APPLE:  Tolerating Uncertainty



APPLE - this page as PDF

APPLE:  a mindful response to thoughts - webpage

When we are anxious, we tend to over-estimate the danger, and the odds, of bad things happening, and we under-estimate our ability to cope if or when those bad things happen. 

Even if the odds are really small that a bad thing will happen, that tiny chance is enough to really upset us.  We call it "intolerance of uncertainty".  We might think things like "I just can't cope with not knowing", "I have to be 100% certain", "uncertain events are almost always bad", so "I must prepare for each uncertain event".  

The thoughts make us feel anxious, so we try to reduce the uncertainty by worrying about it - by planning and preparing for the possible negative future event.  However, although we think worry helps us feel better and helps us feel more in control, it doesn't reduce the risk of the possible negative event happening.  Sometimes we even think it would be better if the bad thing happened right now, because that would be better than living with the uncertainty.


We might try to increase certainty by planning and preparing for each worst case scenario, by seeking reassurance from others, by checking and looking things up on the internet, by avoiding certain things, putting things off or making excuses, or we might try to keep busy so that we don't think about the uncertain future.

However, worrying doesn't affect the future outcome, we cannot prevent all bad things from happening and life remains uncertain.  By worrying about what MIGHT happen, how does that affect us right now?  Worrying seems like the best thing to do, but it only makes us feel worse and makes us less able to cope with real life.

We can deal with uncertainty in two main ways.  We can challenge our need for certainty by looking at the advantages and disadvantages of needing to be certain and how it affects us.  We can explore other areas of our lives in which we do tolerate uncertainty, or look at how other people deal with uncertainty, such as friends or characters in television programmes.

The other way is to learn to tolerate uncertainty - to reduce our need for certainty.  And we can do this, using the acronym: APPLE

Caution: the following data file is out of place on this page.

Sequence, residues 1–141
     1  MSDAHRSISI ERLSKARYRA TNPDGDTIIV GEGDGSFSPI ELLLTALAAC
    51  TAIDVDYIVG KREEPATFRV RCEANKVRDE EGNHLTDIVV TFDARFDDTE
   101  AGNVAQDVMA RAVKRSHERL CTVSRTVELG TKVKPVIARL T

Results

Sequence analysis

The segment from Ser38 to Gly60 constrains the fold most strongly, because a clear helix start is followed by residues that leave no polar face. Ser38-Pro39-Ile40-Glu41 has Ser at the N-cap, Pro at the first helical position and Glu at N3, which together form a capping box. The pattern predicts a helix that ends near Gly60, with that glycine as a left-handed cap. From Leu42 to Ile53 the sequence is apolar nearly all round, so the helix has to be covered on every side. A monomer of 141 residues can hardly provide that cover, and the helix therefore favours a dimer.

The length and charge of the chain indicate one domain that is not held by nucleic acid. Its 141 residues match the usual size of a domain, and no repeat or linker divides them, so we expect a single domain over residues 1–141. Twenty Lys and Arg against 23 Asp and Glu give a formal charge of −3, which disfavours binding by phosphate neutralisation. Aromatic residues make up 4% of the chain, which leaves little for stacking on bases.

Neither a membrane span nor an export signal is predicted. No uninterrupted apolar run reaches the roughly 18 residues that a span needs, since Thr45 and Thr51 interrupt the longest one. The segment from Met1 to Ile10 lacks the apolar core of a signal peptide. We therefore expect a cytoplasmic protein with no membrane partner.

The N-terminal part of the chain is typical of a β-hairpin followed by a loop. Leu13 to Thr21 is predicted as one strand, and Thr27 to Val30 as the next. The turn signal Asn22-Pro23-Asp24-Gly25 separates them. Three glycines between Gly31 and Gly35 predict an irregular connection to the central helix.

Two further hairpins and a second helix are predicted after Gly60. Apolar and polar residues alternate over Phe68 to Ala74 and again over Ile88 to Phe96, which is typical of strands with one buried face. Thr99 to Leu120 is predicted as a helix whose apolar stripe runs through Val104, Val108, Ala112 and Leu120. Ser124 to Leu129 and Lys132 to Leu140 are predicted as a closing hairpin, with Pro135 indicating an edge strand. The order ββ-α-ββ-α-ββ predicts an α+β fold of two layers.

Tolerating Uncertainty with APPLE:

ACKNOWLEDGE - Notice and acknowledge the uncertainty as it comes to mind.

PAUSE - Don't react as you normally do.  Don't react at all.  Just pause, and breathe

PULL BACK - Tell yourself this is just the worry talking, and this apparent need for certainty is not helpful and not necessary.    It is only a thought or feeling.  Don't believe everything you think!  Thoughts are not statements of fact.

LET GO - Let go of the thought or feeling.    It will pass.  You don't have to respond to them.  You might imagine them floating away in a bubble or cloud.

EXPLORE - Explore the present moment, because right now, in this moment, all is well.  Notice your breathing, and the sensations of breathing.  Notice the ground beneath you.  Look around and notice what you see, what you hear, what you can touch, what you can smell.  Right NOW.  Then, SHIFT YOUR FOCUS OF ATTENTION to something else - on what you need to do, on what you were doing before you noticed the worry, or do something else - mindfully, with your full attention.


APPLE for Tolerating Uncertainty - this page as PDF

APPLE - A mindful response to thoughts webpage

APPLE - A mindful response to thoughts as PDF

Learn effective skills online - The Decider Skills for Self Help online course


APPLE: A Mindful Response to Thoughts - VIDEO



Tolerating Uncertainty with APPLE - this page as PDF

Generalised Anxiety Disorder & Worry Self Help


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